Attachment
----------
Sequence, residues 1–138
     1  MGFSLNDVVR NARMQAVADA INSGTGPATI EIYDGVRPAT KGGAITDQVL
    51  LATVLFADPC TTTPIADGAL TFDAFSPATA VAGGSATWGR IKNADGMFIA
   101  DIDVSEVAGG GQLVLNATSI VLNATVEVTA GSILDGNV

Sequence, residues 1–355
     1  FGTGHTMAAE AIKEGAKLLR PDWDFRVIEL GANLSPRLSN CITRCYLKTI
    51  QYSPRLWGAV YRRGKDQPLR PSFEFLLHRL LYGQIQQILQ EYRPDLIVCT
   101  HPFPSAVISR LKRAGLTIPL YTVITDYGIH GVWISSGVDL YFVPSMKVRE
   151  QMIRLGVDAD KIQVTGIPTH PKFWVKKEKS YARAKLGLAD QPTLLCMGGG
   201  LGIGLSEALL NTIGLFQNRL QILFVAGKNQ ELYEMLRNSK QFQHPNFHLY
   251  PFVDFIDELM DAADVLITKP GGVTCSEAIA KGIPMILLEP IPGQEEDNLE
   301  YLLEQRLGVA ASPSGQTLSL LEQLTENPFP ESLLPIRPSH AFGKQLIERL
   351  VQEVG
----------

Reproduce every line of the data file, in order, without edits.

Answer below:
Sequence, residues 1–138
     1  MGFSLNDVVR NARMQAVADA INSGTGPATI EIYDGVRPAT KGGAITDQVL
    51  LATVLFADPC TTTPIADGAL TFDAFSPATA VAGGSATWGR IKNADGMFIA
   101  DIDVSEVAGG GQLVLNATSI VLNATVEVTA GSILDGNV

Sequence, residues 1–355
     1  FGTGHTMAAE AIKEGAKLLR PDWDFRVIEL GANLSPRLSN CITRCYLKTI
    51  QYSPRLWGAV YRRGKDQPLR PSFEFLLHRL LYGQIQQILQ EYRPDLIVCT
   101  HPFPSAVISR LKRAGLTIPL YTVITDYGIH GVWISSGVDL YFVPSMKVRE
   151  QMIRLGVDAD KIQVTGIPTH PKFWVKKEKS YARAKLGLAD QPTLLCMGGG
   201  LGIGLSEALL NTIGLFQNRL QILFVAGKNQ ELYEMLRNSK QFQHPNFHLY
   251  PFVDFIDELM DAADVLITKP GGVTCSEAIA KGIPMILLEP IPGQEEDNLE
   301  YLLEQRLGVA ASPSGQTLSL LEQLTENPFP ESLLPIRPSH AFGKQLIERL
   351  VQEVG